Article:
Nov. 30, 2001 Barely perceptible fluctuations in the speed of a distant NASA spacecraft coasting away from Earth could provide science's first direct detection of gravitational waves, a basic feature of how the universe behaves.
A 40-day search beginning Nov. 26 will use the Cassini spacecraft and specially upgraded ground facilities of NASA's Deep Space Network. "We've tried this before with other spacecraft, but this time we have new instrumentation on the spacecraft and on the ground that gives us 10 times the sensitivity," said astronomer Dr. John Armstrong of NASA's Jet Propulsion Laboratory, Pasadena, Calif. "We're able to measure the relative velocity between Earth and Cassini with exquisite accuracy."
Cassini's speed relative to Earth will vary during the 40 days, but will typically be about what it would take to zip from New York to Chicago in five minutes. In contrast, this experiment could detect any change in speed so small it would lengthen or shorten that trip by a mere fraction of a second.
Gravitational waves are ripples in the fabric of space and time that are set off by accelerations of massive bodies, such as black holes or supernovas. Albert Einstein theorized they exist, and indirect evidence confirmed his prediction in the 1970s.
"Gravitational waves are at the frontier of astrophysics. There's no question they exist, but they have not yet been detected directly," said Armstrong, leader of an international team that has been preparing for years to conduct this search.
"Gravity waves can give us another window into the universe, the way Galileo's telescope did in the 17th century and radio telescopes did in the 1940s," said JPL's Randy Herrera, lead operations engineer. The ability to detect gravitational waves could lead to their use as a way to study black holes and other massive phenomena, he added.
Cassini is in a quiet cruise phase of its mission, 11 months past Jupiter but still more than 30 months from its destination at Saturn. The researchers will use radio transmissions between Cassini and Earth to search for gravitational waves measurably warping space between the two. The transmissions reveal velocity changes by the Doppler effect, the same phenomenon that raises the pitch of an approaching train's whistle or lengthens the light waves from a receding galaxy. If gravitational waves within a particular range of long wavelengths are passing through our solar system, they will alternately stretch and compact space in a way that would rhythmically affect the Earth-to-Cassini distance.
Italian scientists Dr. Bruno Bertotti of the University of Pavia and Dr. Luciano Iess of the University of Rome are co-leaders of the experiment. Italy's national space agency, Agenzia Spaziale Italiana, provided crucial equipment aboard Cassini enabling the gravitational-wave experiment to use higher-frequency radio transmissions than have been used in earlier gravitational-wave searches with Galileo, Mars Observer, Ulysses and Mars Global Surveyor spacecraft. The higher frequency suppresses noise from the solar wind, allowing more precise measurements of velocity changes.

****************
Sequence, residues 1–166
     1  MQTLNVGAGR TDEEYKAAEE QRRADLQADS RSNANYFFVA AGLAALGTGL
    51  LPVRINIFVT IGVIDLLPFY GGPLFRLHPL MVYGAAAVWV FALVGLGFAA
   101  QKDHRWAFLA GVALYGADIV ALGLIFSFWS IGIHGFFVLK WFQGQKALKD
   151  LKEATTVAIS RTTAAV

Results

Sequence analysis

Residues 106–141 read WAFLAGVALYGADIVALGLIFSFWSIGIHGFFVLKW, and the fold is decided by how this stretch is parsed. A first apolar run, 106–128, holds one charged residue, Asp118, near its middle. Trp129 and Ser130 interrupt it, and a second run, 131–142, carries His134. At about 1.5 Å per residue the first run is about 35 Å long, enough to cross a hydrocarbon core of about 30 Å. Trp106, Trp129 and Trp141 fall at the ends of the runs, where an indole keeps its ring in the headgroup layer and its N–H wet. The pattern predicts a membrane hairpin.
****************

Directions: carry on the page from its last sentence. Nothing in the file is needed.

JPL engineers have carefully instrumented a large dish antenna at the Deep Space Network's Goldstone complex near Barstow, Calif., to send and receive the higher frequencies with unprecedented Doppler sensitivity. The upgrade includes refined pointing capability needed to exploit the higher frequencies, said Sami Asmar, supervisor of JPL's Radio Science Group. Other new equipment at Goldstone will allow researchers to correct for the atmosphere's distortion of radio transmissions and improve performance of the search.
The experiment will use links at lower radio frequencies between Cassini and Deep Space Network antennas near Madrid, Spain, and Canberra, Australia. This will enable around-the-clock observations. Taking data with independent equipment at three sites will help discriminate subtle instrumental effects from signals that might be gravitational waves.
The scientific importance of detecting gravitational waves has also prompted ground-based projects, most notably the highly sensitive Laser Interferometer Gravitational Wave Observatory, coordinated by the California Institute of Technology, Pasadena, and Massachusetts Institute of Technology, Cambridge. The two approaches complement each other because the Cassini experiment is sensitive to million-fold longer wavelengths of gravitational waves than the ground-based laser interferometers are, Armstrong said.
The Cassini experiment is timed so that Earth is on a line between the Sun and the spacecraft, minimizing noises on the radio link. Measurements taken during the 40 days will take several months to analyze. The experiment will be repeated twice more in the next two years when the spacecraft's position will make the measurements sensitive to gravitational waves from different directions in the sky.
Information about the Cassini-Huygens mission is available online at http://www.jpl.nasa.gov/cassini . Cassini, launched in 1997, will begin orbiting Saturn on July 1, 2004, and drop its piggybacked Huygens probe onto the haze-wrapped moon Titan about six months later. The mission is a collaboration of NASA, the European Space Agency and the Agenzia Spaziale Italiana. JPL, a division of Caltech, manages the Cassini program for NASA's Office of Space Science, Washington, D.C.
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